Kimi kept on his toes
The Canadian GP presented a great opportunity for the 2007 World Champion to wrestle back some of the momentum in the teammate battle at Ferrari. Everything looked set to be going for plan until the Finn spun, apparently caused by a glitch with the technology on the car.
Sometimes it would seem that the writing is on the wall in life and this is one such occasion for the Ferrari driver. As was the case before for Felipe Massa, we saw the dreaded vote of confidence in public, then a slightly improved result which the press would jump on to say this will be the springboard required, then once more a slump in form.
Maurizio Arrivabene has again backed Kimi of sorts, insisting that if the results are forthcoming so will a new contract. The fact this is needed to be done publicly speaks volumes for the credibility that there are other drivers the team is considering.
In an interview with Formula1.com Arrivabene stated, “As I said: that’s dependent on the results. If he is achieving the objective that I gave to him – why not?”
The cunning silver fox did well to reverse the question and speak in negatives, but for all intents and purposes the writing is on the wall, or so it seems. The desired objectives were exactly what one would expect to add towards the team.
The Italian continued, “I am working for a team with a strong tradition and Enzo Ferrari dictated this tradition. For Enzo Ferrari the Constructors’ Championship was always of greater value than the drivers’ title. So for us the Constructors’ Championship is very important. To win this title you need both drivers delivering. I talked with Kimi straightforwardly, and he knows very well: the more points he can deliver, the better his chances to stay!”
Ultimately, had Fernando had a stronger partner over the years, he may have won the 2010 and/or 2012 title(s) as a rear gunner would have taken away points from Sebastian Vettel that year. Had Massa performed better in 2013 then Ferrari would have secured 2nd place in the WCC, rather than the 3rd place as they lost out to Mercedes at Interlagos when Felipe Massa crossed the pit lane entry and earned himself a drive through penalty.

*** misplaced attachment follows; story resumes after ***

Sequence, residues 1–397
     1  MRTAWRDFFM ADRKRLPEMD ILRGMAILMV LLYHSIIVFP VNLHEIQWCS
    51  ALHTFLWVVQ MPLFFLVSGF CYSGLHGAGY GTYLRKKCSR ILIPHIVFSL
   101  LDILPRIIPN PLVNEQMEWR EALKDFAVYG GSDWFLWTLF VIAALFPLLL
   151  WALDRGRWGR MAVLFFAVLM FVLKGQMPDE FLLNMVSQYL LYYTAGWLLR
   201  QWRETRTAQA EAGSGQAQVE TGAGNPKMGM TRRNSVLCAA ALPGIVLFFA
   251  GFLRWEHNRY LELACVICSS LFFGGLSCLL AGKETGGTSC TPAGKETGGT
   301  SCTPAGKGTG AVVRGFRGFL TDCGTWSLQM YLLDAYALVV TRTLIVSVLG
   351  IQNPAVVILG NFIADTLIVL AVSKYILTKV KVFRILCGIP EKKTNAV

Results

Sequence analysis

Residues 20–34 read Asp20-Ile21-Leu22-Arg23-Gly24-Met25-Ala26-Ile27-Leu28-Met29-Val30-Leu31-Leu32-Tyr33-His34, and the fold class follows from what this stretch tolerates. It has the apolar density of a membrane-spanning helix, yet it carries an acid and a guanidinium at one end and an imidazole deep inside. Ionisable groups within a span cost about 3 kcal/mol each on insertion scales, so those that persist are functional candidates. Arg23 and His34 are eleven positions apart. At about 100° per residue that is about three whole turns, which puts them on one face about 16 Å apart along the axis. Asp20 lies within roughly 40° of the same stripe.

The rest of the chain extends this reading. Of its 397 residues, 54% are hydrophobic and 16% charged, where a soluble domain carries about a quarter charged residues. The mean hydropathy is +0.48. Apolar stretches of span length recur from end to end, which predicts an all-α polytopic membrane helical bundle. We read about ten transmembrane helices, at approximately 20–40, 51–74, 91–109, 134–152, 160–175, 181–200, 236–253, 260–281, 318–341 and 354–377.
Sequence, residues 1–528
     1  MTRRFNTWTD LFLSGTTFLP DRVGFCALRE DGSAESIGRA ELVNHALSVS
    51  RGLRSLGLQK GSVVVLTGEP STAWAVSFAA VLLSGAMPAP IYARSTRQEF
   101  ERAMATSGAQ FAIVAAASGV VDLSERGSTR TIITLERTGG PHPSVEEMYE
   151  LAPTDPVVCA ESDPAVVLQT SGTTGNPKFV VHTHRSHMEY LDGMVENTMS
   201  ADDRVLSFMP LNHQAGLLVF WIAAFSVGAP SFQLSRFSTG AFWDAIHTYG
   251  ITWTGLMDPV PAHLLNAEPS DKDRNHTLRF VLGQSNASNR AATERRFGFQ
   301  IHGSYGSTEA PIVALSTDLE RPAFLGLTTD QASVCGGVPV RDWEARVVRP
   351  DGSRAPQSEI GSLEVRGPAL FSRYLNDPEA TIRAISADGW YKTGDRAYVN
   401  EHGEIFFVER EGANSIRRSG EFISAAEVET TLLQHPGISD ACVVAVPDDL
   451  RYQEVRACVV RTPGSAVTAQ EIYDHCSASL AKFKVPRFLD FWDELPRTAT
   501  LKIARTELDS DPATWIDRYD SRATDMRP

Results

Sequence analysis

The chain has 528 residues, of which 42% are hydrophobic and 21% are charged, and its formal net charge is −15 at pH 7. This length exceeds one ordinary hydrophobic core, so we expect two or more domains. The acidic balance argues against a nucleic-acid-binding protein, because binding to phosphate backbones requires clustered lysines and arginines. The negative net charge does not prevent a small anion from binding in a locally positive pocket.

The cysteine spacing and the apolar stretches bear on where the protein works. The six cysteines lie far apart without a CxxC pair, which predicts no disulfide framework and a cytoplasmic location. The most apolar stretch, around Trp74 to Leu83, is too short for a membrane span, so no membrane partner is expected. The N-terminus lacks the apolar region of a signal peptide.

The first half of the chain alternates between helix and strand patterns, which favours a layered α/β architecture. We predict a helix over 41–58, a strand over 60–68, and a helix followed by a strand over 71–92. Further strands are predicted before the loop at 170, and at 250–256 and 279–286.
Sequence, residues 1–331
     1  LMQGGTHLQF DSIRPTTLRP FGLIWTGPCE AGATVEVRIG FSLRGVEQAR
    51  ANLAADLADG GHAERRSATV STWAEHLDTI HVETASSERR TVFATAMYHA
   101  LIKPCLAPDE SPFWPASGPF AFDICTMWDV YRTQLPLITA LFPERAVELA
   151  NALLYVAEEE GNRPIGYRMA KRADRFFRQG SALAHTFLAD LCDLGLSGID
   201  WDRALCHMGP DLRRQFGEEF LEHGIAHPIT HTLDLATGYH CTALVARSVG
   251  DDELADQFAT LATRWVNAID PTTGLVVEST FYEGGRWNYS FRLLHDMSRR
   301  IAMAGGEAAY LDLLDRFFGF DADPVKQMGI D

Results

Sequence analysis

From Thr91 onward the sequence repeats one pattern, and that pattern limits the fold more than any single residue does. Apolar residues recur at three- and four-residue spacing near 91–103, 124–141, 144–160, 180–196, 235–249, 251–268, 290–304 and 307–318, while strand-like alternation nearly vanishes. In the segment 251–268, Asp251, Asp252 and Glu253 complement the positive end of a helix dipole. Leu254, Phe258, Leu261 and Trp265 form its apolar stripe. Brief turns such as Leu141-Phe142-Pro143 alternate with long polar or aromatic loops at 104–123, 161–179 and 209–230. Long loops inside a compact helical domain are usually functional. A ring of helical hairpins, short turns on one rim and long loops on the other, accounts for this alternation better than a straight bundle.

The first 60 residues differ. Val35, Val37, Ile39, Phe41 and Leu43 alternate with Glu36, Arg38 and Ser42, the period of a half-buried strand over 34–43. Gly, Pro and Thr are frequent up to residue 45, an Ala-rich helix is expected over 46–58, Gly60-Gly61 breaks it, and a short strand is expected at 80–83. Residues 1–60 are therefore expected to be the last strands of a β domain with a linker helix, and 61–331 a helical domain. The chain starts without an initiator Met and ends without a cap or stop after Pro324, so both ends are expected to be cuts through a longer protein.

Arrivabene finished by saying, “I am concentrating on our two guys right now and I know very well that if needed you can have a driver that is ready to jump in a Ferrari any minute. That is not a problem. The problem is to work with the driver that we have and make sure that he is giving us the best performance.”
Had Jules Bianchi not been involved in the horror crash back in Suzuka then rumours would sure have been circulating about his impending promotion. The message is clear to Kimi, improve or lose. A European season of paramount importance then for the Finn.
Kaltenborn to crack the whip
After a poor showing in the Canadian GP at a circuit that should have favoured the Swiss outfit’s car Monisha Kaltenborn is demanding an improvement in results in Austria.
Of course this is the kind of public bravado one would expect from a team boss as the team looks to capitalise on good straight line speed and high power delivery from the Ferrari powerunit.
Speaking to Chris Medland of F1i.com, Kaltenborn was direct in her statement, “We definitely have to learn and understand why that race pace was missing because Austria is a similar track. We went to Canada and we still believe that kind of track should be suiting our car more than other tracks like Barcelona, so we have to exactly understand what happened.”
The lack of money available for developments becomes more apparent with every passing race, as updates to the C34 are planned for after the Austria race at the test session. Given the mess that the team found itself in last year and at the start of this season with a whole host of pay drivers demanding answers, to still be competing is in many ways a success.
“We will be trying things there. We have a plan to bring a bigger update out in the second half of the season, but we have to see what we can bring forward and does it make sense looking at what happens at the test.”
So that’s Manor, Williams, Force India, Lotus and now Sauber who are all in line to bring “big” updates to the car in the coming races.
Perhaps the reason for perceived failure has nothing to do with Sauber’s performance at all though. The front of the field saw limited overtaking in Montreal, so once more the limiting regulations are prohibiting exciting on track action. Only in Austria will we know just what the Swiss team could and rightfully should be achieving, but it would not surprise this writer if an improved performance is hard to come by.